Purpose of review: We review the clinical manifestations of three less common connective tissue disease (CTD)-associated interstitial lung diseases (ILDs): Sjogren's syndrome (SjS), mixed CTD (MCTD), and systemic lupus erythematosus (SLE).
Recent findings: SjS is classically associated with lymphocytic interstitial pneumonia and cystic lung disease, but the most common type of ILD in Sjogren's patients is nonspecific interstitial pneumonia. ILD is prevalent in MCTD and associated with worse survival. SLE-associated ILD, while rare, is more common in those with CTD overlap syndromes. Regardless of underlying cause, a subset of patients with fibrotic CTD-associated ILD develop a progressive course for which antifibrotic agents and lung transplantation should be considered.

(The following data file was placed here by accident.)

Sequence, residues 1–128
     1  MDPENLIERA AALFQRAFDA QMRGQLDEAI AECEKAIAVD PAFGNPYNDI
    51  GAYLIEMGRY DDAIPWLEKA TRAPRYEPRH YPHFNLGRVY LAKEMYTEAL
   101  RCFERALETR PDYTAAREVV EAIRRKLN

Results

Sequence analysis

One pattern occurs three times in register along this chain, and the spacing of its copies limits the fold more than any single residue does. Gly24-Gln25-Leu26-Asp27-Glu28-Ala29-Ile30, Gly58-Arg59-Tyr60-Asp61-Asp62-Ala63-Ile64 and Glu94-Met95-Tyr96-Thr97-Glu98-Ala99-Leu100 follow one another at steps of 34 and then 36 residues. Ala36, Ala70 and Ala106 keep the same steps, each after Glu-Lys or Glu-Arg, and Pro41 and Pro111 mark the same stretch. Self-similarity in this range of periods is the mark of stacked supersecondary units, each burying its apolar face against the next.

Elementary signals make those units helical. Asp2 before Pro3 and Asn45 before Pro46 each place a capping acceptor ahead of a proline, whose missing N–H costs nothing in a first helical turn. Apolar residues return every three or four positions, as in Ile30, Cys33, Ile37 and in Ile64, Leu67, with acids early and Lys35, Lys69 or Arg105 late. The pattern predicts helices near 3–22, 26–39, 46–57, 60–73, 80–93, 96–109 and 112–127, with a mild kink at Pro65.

Summary: An understanding of the characteristics of ILD in SjS, MCTD, and SLE is important for the pulmonary specialist. Future research should identify risk factors for progression and develop additional treatment modalities for both CTD-related autoimmune features and progressive ILD.
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